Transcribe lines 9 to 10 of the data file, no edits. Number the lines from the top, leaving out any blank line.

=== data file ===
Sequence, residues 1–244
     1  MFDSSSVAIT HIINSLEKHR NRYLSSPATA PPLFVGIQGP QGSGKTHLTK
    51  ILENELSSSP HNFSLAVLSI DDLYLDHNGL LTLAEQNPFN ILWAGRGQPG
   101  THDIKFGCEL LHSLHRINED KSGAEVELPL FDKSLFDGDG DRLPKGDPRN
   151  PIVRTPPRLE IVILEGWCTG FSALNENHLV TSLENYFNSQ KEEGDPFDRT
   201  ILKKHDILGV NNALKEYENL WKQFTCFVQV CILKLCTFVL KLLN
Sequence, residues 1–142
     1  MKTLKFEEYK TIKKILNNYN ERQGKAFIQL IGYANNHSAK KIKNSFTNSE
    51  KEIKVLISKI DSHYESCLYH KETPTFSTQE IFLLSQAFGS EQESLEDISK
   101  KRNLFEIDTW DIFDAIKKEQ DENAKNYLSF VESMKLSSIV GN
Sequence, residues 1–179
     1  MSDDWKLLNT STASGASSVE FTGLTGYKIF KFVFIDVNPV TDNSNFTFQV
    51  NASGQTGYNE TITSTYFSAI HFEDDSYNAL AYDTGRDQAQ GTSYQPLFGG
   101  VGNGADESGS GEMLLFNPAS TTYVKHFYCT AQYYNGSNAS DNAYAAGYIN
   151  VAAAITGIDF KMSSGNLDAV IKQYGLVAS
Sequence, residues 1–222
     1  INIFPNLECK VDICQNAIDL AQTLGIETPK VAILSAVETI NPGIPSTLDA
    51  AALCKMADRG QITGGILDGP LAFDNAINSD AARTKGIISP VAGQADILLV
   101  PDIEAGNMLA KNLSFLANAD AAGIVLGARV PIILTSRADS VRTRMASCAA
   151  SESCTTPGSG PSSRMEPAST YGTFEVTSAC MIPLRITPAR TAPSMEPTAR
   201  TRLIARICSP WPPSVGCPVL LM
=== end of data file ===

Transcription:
    51  KEIKVLISKI DSHYESCLYH KETPTFSTQE IFLLSQAFGS EQESLEDISK
   101  KRNLFEIDTW DIFDAIKKEQ DENAKNYLSF VESMKLSSIV GN